Watch CoxMill at Mt. Pleasant live
Also in NFHS Network tonight:
Clinton at Central Cabarrus
Jay M Robinson at Statesville
Many other schools also on the network.
Watch CoxMill at Mt. Pleasant live
Also in NFHS Network tonight:
Clinton at Central Cabarrus
Jay M Robinson at Statesville
Many other schools also on the network.
Also check out Central Cabarrus hosting Hunter Huss on NFHSNetwork.com and several other games.
It’s a football Friday and the opening day of the Cabarrus County Fair. Tonight, Friday, Sept. 6, you can take your ticket stuff from any Cabarrus high school football game and get free admission to the fair.
Central Cabarrus at Mount Pleasant on YouTube Live Also on radio WEGO 98.3 FM, 1410 AM, Memories983.com
Northwest Cabarrus at Jesse Carson
Cox Mill at West Rowan on WSAT 103.3 FM, 1280 AM, Memories1033.com
Cabarrus Warriors at Christ School
The Independent Tribune has previews of each of these games.
Cabarrus County Fair Facts
Dates: September 6 to 14, 2019
Location: Cabarrus Arena and Events Center (4751 NC-49, Concord)
2019 Fair hours: Weekdays, 4 to 10 p.m.; Fridays, 4 to 11 p.m.; Saturdays, 1 to 11 p.m.; and Sunday, 1 to 10 p.m.
2019 Fair Theme: Fairly Extraordinary (logo available upon request)
Fair website: www.cabarruscountyfair.com
Fair Facebook: www.facebook.com/cabarruscountyfair
Fair Twitter: @cabarrusfair
2019 Gate specials (rides not included):
· Saturday, September 7 – Opening
Free general gate admission for all from 1 to 2 p.m.
· Sunday, September 8 – Cooperative
Christian Ministries Canned Food Drive
Free general gate admission for all from 1 to 3 p.m. with four canned food items per adult and two canned food items per child. All food brands are accepted.
· Monday, September 9 – Discount Night
$20 ride wristband ($5 savings); $3 general gate admission for ages 6 to 11 ($2 savings); $5 general gate admission for ages 12 and older ($3 savings).
· Tuesday, September 10 – Family Fun
$4 general gate admission for all.
· Thursday, September 11 – Salute to
FREE general gate admission for ages 55 and older from 4 to 6 p.m.
· Catch the Fair for FREE on Fridays
Get FREE general gate admission with your high school football game ticket stub on Friday, September 6 and Friday, September 13.
Onsite ticket prices: General gate admission to the fair is $8 for ages 12 to 54; $5 for ages 55+ and those with military ID; and $5 for ages 6 to 11. Ages 5 and younger admitted free. Parking is free. All transactions at the Fair are cash only. ATMs are located at the main gate and throughout the midway, but do carry a surcharge.No re-entry, refunds, rainchecks or exchanges.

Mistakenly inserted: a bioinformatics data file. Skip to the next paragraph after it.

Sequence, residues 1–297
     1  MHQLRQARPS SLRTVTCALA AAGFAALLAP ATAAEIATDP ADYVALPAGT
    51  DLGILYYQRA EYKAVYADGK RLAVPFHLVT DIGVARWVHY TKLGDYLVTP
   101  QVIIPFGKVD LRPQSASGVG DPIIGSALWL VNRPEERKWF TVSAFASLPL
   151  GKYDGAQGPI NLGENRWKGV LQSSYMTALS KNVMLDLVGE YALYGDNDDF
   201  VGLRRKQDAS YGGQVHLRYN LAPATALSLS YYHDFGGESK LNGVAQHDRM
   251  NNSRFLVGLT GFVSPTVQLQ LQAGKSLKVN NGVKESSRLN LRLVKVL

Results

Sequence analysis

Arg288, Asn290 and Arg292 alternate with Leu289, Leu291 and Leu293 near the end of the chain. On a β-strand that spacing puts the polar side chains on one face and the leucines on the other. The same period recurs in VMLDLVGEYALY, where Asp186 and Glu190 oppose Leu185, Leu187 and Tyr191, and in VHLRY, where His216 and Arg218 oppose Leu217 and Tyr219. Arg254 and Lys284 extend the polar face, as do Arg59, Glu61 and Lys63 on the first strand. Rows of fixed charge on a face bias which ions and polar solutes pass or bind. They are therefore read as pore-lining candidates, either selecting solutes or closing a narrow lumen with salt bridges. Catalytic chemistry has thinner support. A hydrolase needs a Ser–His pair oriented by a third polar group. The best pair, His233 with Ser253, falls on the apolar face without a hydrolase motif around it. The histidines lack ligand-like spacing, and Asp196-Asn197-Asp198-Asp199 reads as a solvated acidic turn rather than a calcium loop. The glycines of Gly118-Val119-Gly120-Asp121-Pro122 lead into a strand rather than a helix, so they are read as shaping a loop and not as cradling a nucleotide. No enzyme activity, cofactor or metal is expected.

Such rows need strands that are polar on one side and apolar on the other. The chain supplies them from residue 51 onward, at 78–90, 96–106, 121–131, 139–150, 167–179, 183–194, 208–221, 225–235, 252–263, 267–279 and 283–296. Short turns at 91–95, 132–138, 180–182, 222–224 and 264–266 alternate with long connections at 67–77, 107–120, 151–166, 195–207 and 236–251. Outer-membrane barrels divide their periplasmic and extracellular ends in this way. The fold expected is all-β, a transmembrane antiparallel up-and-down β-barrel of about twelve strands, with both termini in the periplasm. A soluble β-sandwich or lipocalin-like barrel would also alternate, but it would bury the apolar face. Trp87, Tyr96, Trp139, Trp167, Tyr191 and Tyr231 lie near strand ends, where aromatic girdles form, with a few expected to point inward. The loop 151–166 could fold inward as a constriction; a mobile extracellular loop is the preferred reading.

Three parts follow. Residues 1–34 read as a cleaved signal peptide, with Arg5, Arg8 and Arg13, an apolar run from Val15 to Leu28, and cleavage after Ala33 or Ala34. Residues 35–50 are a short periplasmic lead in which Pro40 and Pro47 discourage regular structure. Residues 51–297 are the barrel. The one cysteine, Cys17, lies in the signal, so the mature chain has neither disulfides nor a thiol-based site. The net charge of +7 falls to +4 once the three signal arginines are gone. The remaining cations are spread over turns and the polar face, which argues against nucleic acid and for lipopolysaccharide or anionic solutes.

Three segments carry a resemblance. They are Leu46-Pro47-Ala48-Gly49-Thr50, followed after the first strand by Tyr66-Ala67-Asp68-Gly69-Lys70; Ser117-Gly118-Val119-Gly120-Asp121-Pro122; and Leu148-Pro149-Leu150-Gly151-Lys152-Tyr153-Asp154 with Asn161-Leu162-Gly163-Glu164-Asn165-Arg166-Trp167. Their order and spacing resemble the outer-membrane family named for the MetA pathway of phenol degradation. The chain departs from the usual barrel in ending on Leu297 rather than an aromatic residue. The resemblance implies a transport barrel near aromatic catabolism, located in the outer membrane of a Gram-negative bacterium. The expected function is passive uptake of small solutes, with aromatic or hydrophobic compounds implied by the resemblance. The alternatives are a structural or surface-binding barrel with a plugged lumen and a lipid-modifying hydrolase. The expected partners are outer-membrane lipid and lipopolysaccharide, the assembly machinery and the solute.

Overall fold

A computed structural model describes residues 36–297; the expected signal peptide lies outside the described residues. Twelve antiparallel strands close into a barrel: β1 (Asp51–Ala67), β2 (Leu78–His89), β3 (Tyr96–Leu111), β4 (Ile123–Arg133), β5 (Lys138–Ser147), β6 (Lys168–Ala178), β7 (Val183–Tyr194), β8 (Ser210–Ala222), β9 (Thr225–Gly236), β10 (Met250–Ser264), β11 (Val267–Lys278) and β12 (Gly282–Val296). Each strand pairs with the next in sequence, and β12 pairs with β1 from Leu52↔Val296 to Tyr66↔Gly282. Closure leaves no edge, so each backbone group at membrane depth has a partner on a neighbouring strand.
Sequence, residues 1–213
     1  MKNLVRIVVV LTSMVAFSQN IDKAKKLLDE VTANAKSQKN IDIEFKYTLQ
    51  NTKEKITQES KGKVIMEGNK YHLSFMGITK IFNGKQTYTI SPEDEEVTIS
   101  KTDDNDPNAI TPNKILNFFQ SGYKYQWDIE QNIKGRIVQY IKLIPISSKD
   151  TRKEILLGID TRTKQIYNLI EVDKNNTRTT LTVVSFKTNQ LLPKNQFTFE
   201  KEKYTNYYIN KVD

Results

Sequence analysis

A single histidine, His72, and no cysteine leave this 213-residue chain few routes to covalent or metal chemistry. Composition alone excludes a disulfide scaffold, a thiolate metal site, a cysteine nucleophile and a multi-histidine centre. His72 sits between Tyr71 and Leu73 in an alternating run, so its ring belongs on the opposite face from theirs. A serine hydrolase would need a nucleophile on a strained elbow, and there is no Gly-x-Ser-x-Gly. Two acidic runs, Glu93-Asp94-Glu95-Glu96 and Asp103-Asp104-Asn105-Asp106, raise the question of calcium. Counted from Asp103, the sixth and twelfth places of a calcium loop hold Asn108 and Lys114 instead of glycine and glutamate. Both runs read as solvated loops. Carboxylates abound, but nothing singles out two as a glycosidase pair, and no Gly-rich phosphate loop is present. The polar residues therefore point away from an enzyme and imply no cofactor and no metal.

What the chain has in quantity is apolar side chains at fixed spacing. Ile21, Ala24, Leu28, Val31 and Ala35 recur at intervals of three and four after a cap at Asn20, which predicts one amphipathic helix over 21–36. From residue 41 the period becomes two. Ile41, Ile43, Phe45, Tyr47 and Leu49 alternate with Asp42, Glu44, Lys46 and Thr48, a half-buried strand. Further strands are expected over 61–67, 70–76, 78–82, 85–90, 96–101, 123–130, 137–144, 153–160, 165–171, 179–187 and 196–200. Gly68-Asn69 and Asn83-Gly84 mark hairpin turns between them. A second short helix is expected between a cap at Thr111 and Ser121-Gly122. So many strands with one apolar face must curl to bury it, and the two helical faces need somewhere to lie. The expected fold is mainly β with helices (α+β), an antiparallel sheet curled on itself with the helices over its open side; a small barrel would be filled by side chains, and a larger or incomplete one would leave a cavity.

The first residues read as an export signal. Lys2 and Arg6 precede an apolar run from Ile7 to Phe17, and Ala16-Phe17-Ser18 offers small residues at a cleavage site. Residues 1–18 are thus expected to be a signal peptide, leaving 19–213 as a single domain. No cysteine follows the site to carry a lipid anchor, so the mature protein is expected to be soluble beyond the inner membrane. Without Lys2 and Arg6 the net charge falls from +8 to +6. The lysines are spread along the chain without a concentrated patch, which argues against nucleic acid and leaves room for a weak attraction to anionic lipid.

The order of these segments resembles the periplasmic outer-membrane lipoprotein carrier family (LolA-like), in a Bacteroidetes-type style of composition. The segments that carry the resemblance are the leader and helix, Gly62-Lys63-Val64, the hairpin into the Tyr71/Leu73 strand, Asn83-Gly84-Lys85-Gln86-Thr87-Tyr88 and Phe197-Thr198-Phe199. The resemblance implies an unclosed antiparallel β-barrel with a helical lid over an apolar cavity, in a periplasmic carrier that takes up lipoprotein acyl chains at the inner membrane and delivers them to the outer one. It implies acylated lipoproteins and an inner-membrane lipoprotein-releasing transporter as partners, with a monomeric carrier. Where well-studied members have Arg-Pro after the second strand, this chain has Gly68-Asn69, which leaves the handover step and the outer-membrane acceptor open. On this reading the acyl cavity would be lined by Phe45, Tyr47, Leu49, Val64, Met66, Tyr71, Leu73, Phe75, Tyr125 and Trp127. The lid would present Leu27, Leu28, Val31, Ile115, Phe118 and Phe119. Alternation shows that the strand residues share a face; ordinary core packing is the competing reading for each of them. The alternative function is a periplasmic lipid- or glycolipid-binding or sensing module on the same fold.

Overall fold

Ride ticket information: Ride tickets are available for purchase inside the fairgrounds at Powers Midway ticket booths. One strip of four tickets is $5 and one sheet of 22 tickets is $20. Ride wristbands ($25) allow unlimited mechanical ride access for one day (Air Raid not included). Children under 36 inches can ride the Merry Go Round, Fun Slide and Kiddie Wheel for free with a paying adult (16 years and older).
Shuttle service: Cabarrus County Transportation Service (CCTS) provides complimentary parking lot shuttle van service for the satellite lots on the weekends. CCTS vans run the following hours:
Saturday, September 7, noon to midnight
Sunday, September 8, noon to midnight
Friday, September 13, 6 p.m. to midnight
Saturday, September 14, noon to midnight
Entertainment: There’s plenty of Fair just beyond the midway. The Cabarrus County Fair features a butterfly encounter, petting zoo, livestock displays, sand castle carving, milking booth and educational exhibits. New this year is the Ninja Experience, a team of martial arts experts that wow audiences with high to flying, jaw-dropping performances. Returning fan-favorites include live performances by Mountain Mike chainsaw creations, Robinson’s Racing Pigs, Rust and Flame Blacksmithing and Rockstar Karaoke. Watch live demonstrations from local beekeepers, Master Gardeners and wood turners. Stop by the open forge fire for sustainable living demonstrations and view local farm equipment on display.
See www.cabarruscountyfair.com for entertainment details, which are subject to change.
Country 103.7 Outside Stage performances:
Friday, September 6: 2019 Fair Pageant 7 p.m.; Live music 8:30 to 10 p.m.
Saturday, September 7: Live music 7:30 to 10 p.m.
Sunday, September 8: Rockstar Karaoke 4:30 to 6 p.m. and 7 to 9:30 p.m.
Monday, September 9: Live music 7 to 8:30 p.m.
Tuesday, September 10: Cooking demo 6 p.m.; Live music 7 to 8:30 p.m.
Wednesday, September 11: Live music 7 to 8:30 p.m.
Thursday, September 12: Live music 7:30 to 9 p.m.
Friday, September 13: Live music 7 to 9 p.m.
Saturday, September 14: Rockstar Karaoke 4:30 to 6 p.m. and 7:30 p.m. to 10 p.m.
Background: The Cabarrus County Agricultural Fair began in 1953. The 2018 Cabarrus County Fair received 16 awards form the International Association of Agricultural Fairs and Expos (IAFE) and three awards from the North Carolina Association of Agricultural Fairs. For more information visit www.cabarruscountyfair.com or follow www.facebook.com/cabarruscountyfair.
Radio Free Cabarrus/485 Sports is broadcasting two games on opening night, Friday, August 23. Kickoffs are set for 7:30 p.m. The games are being broadcast on the NFHS Network.
Northwest Cabarrus at Forestview
Concord at Pinecrest
Cabarrus Warriors at High Point Christian
This is the first of the preseason polls from Radio Free Cabarrus/485 Sports. First up is the South Piedmont Conference, where Northwest Cabarrus is reigning champ.
The polling among our broadcasters and reporters was very close with the top spot split between Northwest Cabarrus and A.L. Brown but the Trojans get the call based on points awarded (6 for first and descending to 1 for sixth place).
So if our predictions are accurate, the South Piedmont Conference could come down to the “Battle for Kannapolis.” Circle your Friday nights in October: Oct. 11, Central Cabarrus at A.L. Brown; Oct. 18, Northwest Cabarrus at Central Cabarrus; and Oct. 25, A.L. Brown at Northwest Cabarrus.